World

In the past two days, Typhoon Megi has pounded Taiwan and the coast of southeast China and forced tens of thousands of people to evacuate amid rising floodwaters.

At least four people died in Taiwan, as the storm blasted across the island en route to China, NPR's Anthony Kuhn tells our Newscast unit. In mainland China, at least one person was killed when several buildings collapsed in Quanzhou, in Fujian province.

“This one just got here in March. She wasn’t enrolled,” says Carlnis Jerry, lifting an eyebrow and nodding her head toward a third-grader who is speaking in Marshallese.

It’s a Wednesday, and Viona Koniske is sitting with her classmate during a “lunch bunch” gathering in a converted supply closet at Parson Hills Elementary in Springdale, Arkansas.

A Dutch-led team of international investigators has concluded that Malaysia Airlines Flight 17, which crashed in July 2014, was shot down by a Russian Buk missile that had been transferred into rebel-held eastern Ukraine.

After the shooting, the surface-to-air missile launcher was transferred back to Russia.

The last surviving leader of Israel's founding generation, Shimon Peres was a three-time prime minister, the architect of the country's secretive nuclear program and a winner of the Nobel Peace Prize for his efforts to make peace with the Palestinians.

In Elizabethan England, words counted. Particularly the most insulting, offensive and hurtful words. Words like ninnycock, rotten hornibus, jackanapes and (whisper it) ninnyhammer.

A painstakingly detailed new study of the records of English slander trials from the 16th and 17th centuries has uncovered an incredibly rich vocabulary of lost British insults. Todd Gray of the University of Exeter studied more than 40,000 ancient court documents to rediscover the abusive language used by real people.

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Lucas Jackson/Reuters

For the millions of Spanish-speaking Americans who caught the presidential debate on Univision Monday night, there was a familiar voice: Vicente de la Vega.

De la Vega was the simultaneous interpreter for Donald Trump during the debate broadcast — a role he's played at various times during the campaign. He's also the president and CEO of Precision Translating Services.

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Brian Snyder/Reuters

Monday night's Trump-Clinton showdown remains a hot topic of conversation in Nigeria — where the election has captured their interest for a while.

And not just for the country's intelligensia. 

Nigerian security guards and secretaries alike are up-to-date on the US presidential hopefuls' latest jabs and barbs, says Nigerian author Adaobi Tricia Nwaubani.

For many, the US election is primarily a source of entertainment, Nwaubani says, because the issues are often far from Nigerians' reality.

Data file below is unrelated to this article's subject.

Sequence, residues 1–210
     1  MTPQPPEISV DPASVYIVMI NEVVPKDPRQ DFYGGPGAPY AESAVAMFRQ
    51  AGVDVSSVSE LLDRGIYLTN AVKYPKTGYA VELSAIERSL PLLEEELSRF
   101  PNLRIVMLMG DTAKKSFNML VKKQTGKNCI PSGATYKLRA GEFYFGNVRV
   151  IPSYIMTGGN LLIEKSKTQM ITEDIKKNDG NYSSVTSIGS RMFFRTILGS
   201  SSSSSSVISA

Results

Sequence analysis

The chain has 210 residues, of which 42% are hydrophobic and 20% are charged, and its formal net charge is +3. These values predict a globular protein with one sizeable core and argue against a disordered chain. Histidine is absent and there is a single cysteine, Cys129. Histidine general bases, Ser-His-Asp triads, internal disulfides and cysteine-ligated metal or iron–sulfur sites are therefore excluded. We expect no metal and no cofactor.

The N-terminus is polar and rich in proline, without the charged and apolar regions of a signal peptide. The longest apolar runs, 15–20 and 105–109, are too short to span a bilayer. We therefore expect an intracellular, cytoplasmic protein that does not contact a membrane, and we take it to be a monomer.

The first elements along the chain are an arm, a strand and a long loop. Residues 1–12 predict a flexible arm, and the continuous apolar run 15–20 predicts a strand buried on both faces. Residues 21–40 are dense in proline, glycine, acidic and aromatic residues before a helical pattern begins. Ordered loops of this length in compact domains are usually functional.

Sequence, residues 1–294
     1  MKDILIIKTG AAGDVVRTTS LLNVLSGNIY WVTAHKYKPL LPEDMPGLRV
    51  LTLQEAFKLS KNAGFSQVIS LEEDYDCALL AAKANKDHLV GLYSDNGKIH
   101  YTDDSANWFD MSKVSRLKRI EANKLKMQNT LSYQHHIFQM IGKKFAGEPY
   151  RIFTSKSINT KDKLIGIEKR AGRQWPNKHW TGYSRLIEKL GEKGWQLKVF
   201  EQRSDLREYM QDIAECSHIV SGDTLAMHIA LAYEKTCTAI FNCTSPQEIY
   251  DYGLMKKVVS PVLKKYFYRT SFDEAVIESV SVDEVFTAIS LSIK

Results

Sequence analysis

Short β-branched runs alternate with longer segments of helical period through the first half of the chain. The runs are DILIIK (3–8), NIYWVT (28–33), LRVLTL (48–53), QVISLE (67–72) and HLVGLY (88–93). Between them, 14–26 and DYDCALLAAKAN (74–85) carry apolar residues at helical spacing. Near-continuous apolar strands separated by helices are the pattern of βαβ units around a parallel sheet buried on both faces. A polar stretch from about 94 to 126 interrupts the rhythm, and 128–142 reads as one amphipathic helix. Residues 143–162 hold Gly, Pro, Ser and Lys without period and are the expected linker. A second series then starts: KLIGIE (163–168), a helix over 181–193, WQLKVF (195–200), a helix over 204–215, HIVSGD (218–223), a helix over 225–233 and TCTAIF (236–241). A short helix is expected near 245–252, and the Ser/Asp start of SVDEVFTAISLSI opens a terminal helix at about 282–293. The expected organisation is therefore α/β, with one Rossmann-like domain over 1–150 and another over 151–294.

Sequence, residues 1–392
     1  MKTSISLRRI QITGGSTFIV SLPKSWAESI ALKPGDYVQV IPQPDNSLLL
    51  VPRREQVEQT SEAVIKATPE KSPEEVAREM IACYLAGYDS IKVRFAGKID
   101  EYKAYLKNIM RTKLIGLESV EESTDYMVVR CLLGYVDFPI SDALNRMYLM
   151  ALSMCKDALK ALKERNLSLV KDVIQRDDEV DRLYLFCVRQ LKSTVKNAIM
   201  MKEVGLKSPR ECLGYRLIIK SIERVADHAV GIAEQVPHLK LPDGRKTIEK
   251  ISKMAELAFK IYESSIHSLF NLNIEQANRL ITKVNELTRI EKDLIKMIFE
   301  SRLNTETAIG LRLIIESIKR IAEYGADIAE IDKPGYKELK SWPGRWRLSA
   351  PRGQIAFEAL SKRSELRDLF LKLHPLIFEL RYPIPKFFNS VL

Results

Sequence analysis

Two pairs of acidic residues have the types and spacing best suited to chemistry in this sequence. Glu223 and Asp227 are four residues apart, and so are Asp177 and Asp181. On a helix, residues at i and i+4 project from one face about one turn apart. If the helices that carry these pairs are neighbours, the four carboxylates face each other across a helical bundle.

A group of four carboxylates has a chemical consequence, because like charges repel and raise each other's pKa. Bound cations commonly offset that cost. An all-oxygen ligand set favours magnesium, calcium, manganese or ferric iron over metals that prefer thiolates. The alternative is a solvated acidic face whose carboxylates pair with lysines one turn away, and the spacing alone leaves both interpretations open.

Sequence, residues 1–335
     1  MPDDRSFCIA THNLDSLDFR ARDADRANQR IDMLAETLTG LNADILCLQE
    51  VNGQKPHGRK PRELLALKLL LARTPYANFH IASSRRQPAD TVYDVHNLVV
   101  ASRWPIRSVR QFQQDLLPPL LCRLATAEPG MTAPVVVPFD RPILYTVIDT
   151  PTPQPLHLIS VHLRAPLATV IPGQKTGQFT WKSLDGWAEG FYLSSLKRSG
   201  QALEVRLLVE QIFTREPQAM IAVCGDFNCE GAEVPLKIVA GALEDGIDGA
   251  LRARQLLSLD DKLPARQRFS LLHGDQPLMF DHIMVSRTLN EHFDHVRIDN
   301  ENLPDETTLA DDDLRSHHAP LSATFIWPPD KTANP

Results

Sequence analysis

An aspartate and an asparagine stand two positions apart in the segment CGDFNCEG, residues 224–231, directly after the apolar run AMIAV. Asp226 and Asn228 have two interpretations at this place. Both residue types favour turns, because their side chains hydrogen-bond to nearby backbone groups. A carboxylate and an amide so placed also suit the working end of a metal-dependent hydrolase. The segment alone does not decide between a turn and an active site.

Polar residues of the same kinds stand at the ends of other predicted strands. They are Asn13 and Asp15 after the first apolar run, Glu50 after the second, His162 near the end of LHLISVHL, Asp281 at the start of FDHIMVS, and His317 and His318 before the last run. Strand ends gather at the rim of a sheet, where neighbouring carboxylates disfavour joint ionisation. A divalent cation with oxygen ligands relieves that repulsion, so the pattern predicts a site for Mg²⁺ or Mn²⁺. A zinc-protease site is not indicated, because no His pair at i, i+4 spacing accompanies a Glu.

In the US, televised debates can change the direction of a campaign.

That’s been the case since the first-ever presidential debate in US history, between John F. Kennedy and Richard Nixon, exactly 56 years to the day before Hillary Clinton and Donald Trump squared off in New York Monday night.

But in Britain, political debates have a different history. In fact, the first televised debate between party leaders in Britain was only in 2010.

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Adeline Sire

The hills in this part of Burgundy are postcard-perfect. Around the villages of Chablis and Irancy, you see beautifully combed, lush green vineyards.

As winemaker Christophe Ferrari drives up his estate, he remarks that all the fine qualities of a wine are made in the vineyard itself. “If you can’t produce good grapes,” he says, “you can’t create good wine.”

There’s a stunning 360-degree view at the top, and plenty of healthy-looking leaves around. But underneath this greenery is a painful truth. It's something Ferrari hasn't seen in his 30 years of winemaking.

Families are divided over Colombia's peace vote

Sep 27, 2016
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Felipe Caicedo/Reuters

Colombia is on the threshold of a new era: a peaceful one.

For 52 years, there's been violence between the government and rebels who see themselves as defenders of the poor.

The main rebel group, the Revolutionary Armed Forces of Colombia, the FARC, formally signed a peace deal with the government Monday in a solemn ceremony in the coastal city of Cartagena.

But there's a hitch. Colombians have to approve the deal in a referendum this weekend. And there is a powerful "no" campaign.

The vote is dividing families.

Nearly every cyclist has had to, at times, quickly swerve out of the way to avoid drivers opening their car doors. Doing so is dangerous, and it recently claimed the life of a young woman from Somerville, Massachusetts

There’s even a term for it: dooring. Or getting doored.

But doctor Michael Charney wants to make the road safer for cyclists by following Amsterdam’s lead. 

The World Health Organization says 92 percent of the world's population breathes air containing pollutants exceeding WHO limits, in new research released Tuesday.

Copyright 2016 NPR. To see more, visit http://www.npr.org/.

Copyright 2016 NPR. To see more, visit NPR.

Copyright 2016 NPR. To see more, visit http://www.npr.org/.

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